.NET on AWS Blog

Category: .NET

Build DR ready .NET Web APIs on AWS

Introduction Disaster Recovery (DR) is an essential aspect of cloud computing. A solid DR strategy is required to ensure business continuity and less downtime in the event of unexpected disruptions. AWS, with its global infrastructure, provides the flexibility and scalability needed for effective DR. Multi-AZ (Availability Zone) deployments provide DR capability at the AZ level. […]

Implement fine-grained authorization in your .NET API using Amazon Cognito Custom Scopes

APIs are the building blocks of modern software, and protecting them is more crucial than ever. As your application gets more complex and interconnected, ensuring that only authorized users can access specific resources becomes important. Amazon Cognito is an identity platform for web and mobile applications. It’s a user directory, an authentication server, and an […]

Easily Migrate .NET Web Apps to AWS with Elastic Beanstalk, Part 2

Introduction AWS Elastic Beanstalk simplifies migration to AWS. In Part 1, I covered Elastic Beanstalk’s value in migrating .NET web applications to AWS and different ways to deploy. Here in Part 2, I’ll give you a step-by-step walkthrough of deploying a .NET Framework application to Elastic Beanstalk from Visual Studio. Walkthrough: Deploy a .NET Framework […]

Easily Migrate .NET Web Apps to AWS with Elastic Beanstalk, Part 1

Introduction AWS provides a variety of compute services for hosting applications, starting with Amazon Elastic Compute Cloud (Amazon EC2), the foundation of AWS compute. On top of Amazon EC2 is a spectrum of managed services with different levels of abstraction, including container-based and serverless compute services. Customers moving to AWS often choose to migrate their […]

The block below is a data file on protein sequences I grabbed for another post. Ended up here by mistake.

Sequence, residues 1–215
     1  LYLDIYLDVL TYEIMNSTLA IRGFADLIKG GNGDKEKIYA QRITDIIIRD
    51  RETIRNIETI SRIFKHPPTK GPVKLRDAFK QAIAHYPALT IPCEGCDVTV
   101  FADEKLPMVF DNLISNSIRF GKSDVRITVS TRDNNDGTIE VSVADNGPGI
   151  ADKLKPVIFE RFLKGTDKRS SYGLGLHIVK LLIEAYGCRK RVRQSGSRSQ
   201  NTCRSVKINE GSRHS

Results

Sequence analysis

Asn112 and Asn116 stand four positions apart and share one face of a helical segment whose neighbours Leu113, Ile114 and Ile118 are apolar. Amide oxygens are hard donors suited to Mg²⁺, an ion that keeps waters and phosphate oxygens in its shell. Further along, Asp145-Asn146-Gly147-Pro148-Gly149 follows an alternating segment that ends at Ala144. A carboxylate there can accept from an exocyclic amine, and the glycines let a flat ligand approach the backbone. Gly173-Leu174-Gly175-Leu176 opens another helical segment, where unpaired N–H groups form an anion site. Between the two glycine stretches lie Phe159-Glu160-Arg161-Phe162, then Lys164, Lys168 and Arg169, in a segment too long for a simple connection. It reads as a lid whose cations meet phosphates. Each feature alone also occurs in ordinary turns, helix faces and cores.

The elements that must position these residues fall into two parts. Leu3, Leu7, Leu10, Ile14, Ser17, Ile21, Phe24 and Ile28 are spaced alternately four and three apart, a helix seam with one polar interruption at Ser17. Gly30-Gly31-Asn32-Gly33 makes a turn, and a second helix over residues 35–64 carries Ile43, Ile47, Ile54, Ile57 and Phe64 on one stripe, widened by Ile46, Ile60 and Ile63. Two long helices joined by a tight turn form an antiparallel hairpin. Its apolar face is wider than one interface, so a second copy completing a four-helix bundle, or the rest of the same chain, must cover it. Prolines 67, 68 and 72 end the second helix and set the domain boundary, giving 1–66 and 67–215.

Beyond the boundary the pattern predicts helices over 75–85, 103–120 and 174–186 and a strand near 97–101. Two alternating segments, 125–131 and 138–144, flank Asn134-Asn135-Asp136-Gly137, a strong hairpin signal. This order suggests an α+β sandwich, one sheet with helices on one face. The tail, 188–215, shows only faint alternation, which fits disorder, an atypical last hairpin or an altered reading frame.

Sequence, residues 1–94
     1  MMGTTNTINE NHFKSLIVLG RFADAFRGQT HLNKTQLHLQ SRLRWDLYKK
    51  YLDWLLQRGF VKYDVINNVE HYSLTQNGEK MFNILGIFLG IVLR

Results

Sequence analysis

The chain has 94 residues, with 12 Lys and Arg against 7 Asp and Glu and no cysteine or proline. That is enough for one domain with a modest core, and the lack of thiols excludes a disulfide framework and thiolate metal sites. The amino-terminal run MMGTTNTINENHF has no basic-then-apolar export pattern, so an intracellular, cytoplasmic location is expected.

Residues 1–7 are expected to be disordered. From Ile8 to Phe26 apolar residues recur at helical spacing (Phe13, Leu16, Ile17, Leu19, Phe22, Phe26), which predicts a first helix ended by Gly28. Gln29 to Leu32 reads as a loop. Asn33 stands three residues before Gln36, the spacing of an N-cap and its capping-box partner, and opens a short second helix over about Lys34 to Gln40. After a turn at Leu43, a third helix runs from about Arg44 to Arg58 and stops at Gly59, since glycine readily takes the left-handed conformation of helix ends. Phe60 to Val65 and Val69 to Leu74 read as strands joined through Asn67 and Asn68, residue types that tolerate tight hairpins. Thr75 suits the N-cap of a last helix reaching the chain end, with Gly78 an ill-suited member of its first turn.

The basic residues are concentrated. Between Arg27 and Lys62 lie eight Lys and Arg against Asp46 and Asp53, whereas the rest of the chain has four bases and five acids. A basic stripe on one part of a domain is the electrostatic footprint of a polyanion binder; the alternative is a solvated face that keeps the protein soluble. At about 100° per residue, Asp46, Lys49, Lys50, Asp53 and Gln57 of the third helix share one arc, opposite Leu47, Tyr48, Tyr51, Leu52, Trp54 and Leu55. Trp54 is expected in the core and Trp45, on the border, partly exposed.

Building a Conversational Document Bot on Amazon Bedrock and Amazon Textract with .NET Windows Forms

Introduction The growth in developing and launching Generative AI solutions is unprecedented. Most content available to help developers is in Python. While this may be the majority, many developers maintain and evolve long-lasting lines of business applications developed on .NET. Enterprises have invested a lot into these legacy applications, and it would be difficult for […]

.NET 8 Support on AWS

James Eastham, Norm Johanson, and Ulili Nhaga contributed to this post. Introduction .NET 8 is the latest Long Term Support (LTS) version of cross-platform .NET, released in November 2023. .NET 8 includes performance improvements, container enhancements, C# language simplified syntax, Blazor support for full-stack web applications, and ASP.NET Core partial support for Native Ahead of […]

Remote development on AWS using JetBrains Rider

Using .NET and Docker developers continue to write software on a familiar Windows environment deploying applications seamlessly on Linux servers. With virtualization, developers can write and run .NET code that is later deployed in different environments. However, there is another option-using remote development you can use your IDE, running on your machine to run, debug […]

.NET Observability – Part 2: Logs using Fluent Bit and Amazon OpenSearch

Microservices architecture is a popular approach to building software applications, but it comes with some challenges when it comes to observability. For example, in a microservice architecture, services are loosely coupled and communicate over the network. This makes it challenging to trace a request as it travels through multiple services. In part 1 of this […]

Add AI-powered coding assistance to Visual Studio with Amazon CodeWhisperer

Chris Christou, Craig Bossie, and Saurabh Ajmera contributed to this post. Introduction Amazon CodeWhisperer (CodeWhisperer) is an AI-powered developer productivity tool that generates code suggestions. CodeWhisperer integration with Visual Studio is now available in preview. The AWS Toolkit for Visual Studio provides the integration to CodeWhisperer. In this post, I’ll walk you through installing, configuring, […]

Powering .NET 8 with AWS Graviton3: Benchmarks

Introduction Pioneering computer scientist Alan Kay said in 1982, “People who are really serious about software should make their own hardware.” At AWS, we’ve designed quite a bit of our own hardware, and have increasingly moved to use our own custom-designed silicon, including the AWS Graviton, AWS Inferentia and AWS Trainium processors. The newest Graviton […]